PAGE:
Emotional cliff jumping, we do it every day, sometimes we know we are jumping sometimes we do it without even knowing we are doing it. Every day people jump off emotional cliffs and dive into emotions both their own and other people’s emotions. Without emotions it would be almost impossible for people to communicate with each other on a daily basis. We rely strongly on emotions in order to determine if our friends or co-workers like us, if they are happy or sad or if we ourselves are happy or sad at any given moment and the higher our emotional intelligence (EI) is the better we are at communicating with the people around us. What exactly is EI?
Emotional intelligence (EI) is the ability to monitor one’s own and other people’s emotions, to discriminate between different emotions and label them appropriately, and to use emotional information to guide thinking and behavior.
The Four Branches of Emotional Intelligence
Salovey and Mayer proposed a model that identified four different factors of emotional intelligence: the perception of emotion, the ability reason using emotions, the ability to understand emotion and the ability to manage emotions.
- Perceiving Emotions: The first step in understanding emotions is to accurately perceive them. In many cases, this might involve understanding nonverbal signals such as body language and facial expressions.
- Reasoning with Emotions: The next step involves using emotions to promote thinking and cognitive activity. Emotions help prioritize what we pay attention and react to; we respond emotionally to things that garner our attention.
- Understanding Emotions: The emotions that we perceive can carry a wide variety of meanings. If someone is expressing angry emotions, the observer must interpret the cause of their anger and what it might mean. For example, if your boss is acting angry, it might mean that he is dissatisfied with your work; or it could be because he got a speeding ticket on his way to work that morning or that he’s been fighting with his wife.
- Managing Emotions: The ability to manage emotions effectively is a key part of emotional intelligence. Regulating emotions, responding appropriately and responding to the emotions of others are all important aspect of emotional management.
On the other hand there is empathy. Empathy is the capacity to share or recognize emotions experienced by another sentient or fictional being. One may need to have a certain amount of empathy before being able to experience accurate sympathy or compassion.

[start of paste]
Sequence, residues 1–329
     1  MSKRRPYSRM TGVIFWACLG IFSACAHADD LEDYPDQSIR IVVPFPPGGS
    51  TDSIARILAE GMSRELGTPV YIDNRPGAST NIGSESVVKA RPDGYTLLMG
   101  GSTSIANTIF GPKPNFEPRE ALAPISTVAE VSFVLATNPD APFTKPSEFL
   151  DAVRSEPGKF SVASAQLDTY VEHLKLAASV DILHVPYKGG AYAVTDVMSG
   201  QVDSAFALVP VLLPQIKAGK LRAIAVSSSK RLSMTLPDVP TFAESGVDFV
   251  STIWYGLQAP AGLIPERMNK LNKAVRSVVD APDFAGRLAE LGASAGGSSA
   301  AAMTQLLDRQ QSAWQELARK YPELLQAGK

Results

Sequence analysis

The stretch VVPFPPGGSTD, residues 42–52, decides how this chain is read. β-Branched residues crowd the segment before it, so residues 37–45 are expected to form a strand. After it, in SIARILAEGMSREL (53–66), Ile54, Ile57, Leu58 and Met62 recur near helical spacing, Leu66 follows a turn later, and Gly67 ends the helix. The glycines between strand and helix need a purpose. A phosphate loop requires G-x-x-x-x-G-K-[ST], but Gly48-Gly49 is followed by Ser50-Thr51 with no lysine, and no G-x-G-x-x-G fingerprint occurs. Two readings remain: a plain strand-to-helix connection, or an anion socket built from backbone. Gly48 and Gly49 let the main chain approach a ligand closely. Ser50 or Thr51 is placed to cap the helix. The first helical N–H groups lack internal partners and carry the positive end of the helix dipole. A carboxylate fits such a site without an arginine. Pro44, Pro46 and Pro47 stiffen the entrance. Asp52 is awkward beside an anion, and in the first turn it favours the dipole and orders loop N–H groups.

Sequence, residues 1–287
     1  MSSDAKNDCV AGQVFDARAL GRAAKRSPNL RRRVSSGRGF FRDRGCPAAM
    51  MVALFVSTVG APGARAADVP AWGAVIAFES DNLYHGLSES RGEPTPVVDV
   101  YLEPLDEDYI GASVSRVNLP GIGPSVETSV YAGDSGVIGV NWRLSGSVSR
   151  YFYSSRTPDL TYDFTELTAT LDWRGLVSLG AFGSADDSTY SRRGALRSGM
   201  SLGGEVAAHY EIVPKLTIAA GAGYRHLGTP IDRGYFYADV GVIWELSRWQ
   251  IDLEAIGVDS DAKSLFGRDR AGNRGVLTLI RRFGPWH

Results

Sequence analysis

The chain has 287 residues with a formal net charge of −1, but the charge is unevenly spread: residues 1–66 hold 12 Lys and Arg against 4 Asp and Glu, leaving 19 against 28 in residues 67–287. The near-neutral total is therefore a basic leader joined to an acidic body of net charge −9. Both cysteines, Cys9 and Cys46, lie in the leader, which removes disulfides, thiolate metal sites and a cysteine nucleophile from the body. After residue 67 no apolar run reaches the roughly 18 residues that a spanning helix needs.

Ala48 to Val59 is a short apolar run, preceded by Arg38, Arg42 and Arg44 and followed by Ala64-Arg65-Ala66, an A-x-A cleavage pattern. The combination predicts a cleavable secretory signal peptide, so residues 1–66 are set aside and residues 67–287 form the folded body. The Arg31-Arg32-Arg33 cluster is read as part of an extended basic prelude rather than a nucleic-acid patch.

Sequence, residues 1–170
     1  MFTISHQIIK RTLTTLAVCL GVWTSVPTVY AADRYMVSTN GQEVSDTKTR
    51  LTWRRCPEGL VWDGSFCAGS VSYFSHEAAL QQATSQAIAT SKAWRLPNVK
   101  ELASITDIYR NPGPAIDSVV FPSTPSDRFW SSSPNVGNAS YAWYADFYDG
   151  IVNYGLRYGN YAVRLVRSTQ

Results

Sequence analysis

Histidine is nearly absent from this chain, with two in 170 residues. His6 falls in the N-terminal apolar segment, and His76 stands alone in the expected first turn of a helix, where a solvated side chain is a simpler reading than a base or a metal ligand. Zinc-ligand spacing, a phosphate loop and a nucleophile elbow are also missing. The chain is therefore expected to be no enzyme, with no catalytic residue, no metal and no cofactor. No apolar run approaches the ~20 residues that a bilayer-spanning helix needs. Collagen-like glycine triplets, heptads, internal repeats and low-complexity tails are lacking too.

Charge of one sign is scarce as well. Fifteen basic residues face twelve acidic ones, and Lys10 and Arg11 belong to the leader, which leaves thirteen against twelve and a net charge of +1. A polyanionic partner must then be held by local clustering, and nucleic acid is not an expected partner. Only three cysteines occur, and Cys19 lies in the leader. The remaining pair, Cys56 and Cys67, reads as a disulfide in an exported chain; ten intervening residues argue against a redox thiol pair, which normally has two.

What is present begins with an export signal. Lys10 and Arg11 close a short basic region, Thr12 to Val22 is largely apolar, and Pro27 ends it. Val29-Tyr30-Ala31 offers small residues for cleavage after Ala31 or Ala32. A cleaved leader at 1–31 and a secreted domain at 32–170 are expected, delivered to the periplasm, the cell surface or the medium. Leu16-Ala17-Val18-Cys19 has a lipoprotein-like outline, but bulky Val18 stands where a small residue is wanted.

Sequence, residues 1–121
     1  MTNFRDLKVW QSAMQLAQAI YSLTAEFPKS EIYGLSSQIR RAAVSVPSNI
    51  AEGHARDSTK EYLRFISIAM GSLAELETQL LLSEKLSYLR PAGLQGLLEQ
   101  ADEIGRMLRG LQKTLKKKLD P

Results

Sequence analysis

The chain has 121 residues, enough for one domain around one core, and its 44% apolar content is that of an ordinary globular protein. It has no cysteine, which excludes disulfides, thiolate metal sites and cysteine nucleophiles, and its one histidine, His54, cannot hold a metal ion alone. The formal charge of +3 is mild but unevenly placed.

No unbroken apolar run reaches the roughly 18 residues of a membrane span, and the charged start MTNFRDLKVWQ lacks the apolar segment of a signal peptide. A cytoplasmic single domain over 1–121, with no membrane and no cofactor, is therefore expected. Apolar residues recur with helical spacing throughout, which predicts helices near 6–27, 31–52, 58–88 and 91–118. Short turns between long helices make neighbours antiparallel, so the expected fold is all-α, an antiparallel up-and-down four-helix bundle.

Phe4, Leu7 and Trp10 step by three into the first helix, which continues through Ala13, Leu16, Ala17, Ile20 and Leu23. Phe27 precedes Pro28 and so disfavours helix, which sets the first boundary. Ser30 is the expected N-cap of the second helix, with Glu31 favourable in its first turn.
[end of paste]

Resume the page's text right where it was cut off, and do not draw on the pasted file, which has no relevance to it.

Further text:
Empathy is the experience of understanding another person’s condition from their perspective. You place yourself in their shoes and feel what they are feeling. Empathy is known to increase prosocial (helping) behaviors.
How do we become more empathic or emotionally intelligent? That’s a good question, perhaps emotional risks plays a large factor. Without risking our emotions can we make the leap off the cliff? What is emotional risk? Emotional risk is the barrier to a trusted relationship, it’s the elephant in the room. In order to take an emotional risk you need to take the emotional jump off the cliff and “name it and claim it”. List as many caveats as are necessary to slightly overcompensate for what you’re about to say—then say it.
One might speculate that in order to be empathic you first need to take the emotional risk and at that point emotional intelligence will play a factor. Or is it the other way around? A person is empathic to an individual and hence they take the emotional risk and engage their emotional intelligence with another human being.
In Malcolm Gladwell’s “The Naked Face,” it is said our assessment of a situation starts from the very first facial expression. From there we draw on our emotional intelligence and empathy to further assess the situation and then decide whether to take the emotional risk. As the Naked Face states, some are better at assessing a person’s facial expression then others.
However, have you noticed that in today’s computer age and technological age, it seems to be getting harder and harder to do just that. One would suggest that with all our technology we have forgotten how to talk, empathize and effectively communicate with one another. We hid behind our keyboards and cellphones typing our thoughts and messages but yet we cannot see the other person’s facial expressions in order to make that initial facial emotions needed to empathize and be emotionally intelligent effectively.
The reality is that as human beings we all need to develop and enhance our emotions throughout our lives and to the different situations we will encounter in order to effectively communicate with the people around us.
What Is Emotional Intelligence?
Definitions, History, and Measures of Emotional Intelligence
Emotional intelligence, social intelligence, ecological intelligence
A Tool for Emotional Risk Management — Name It and Claim It
Malcolm Gladwell’s “the Naked Face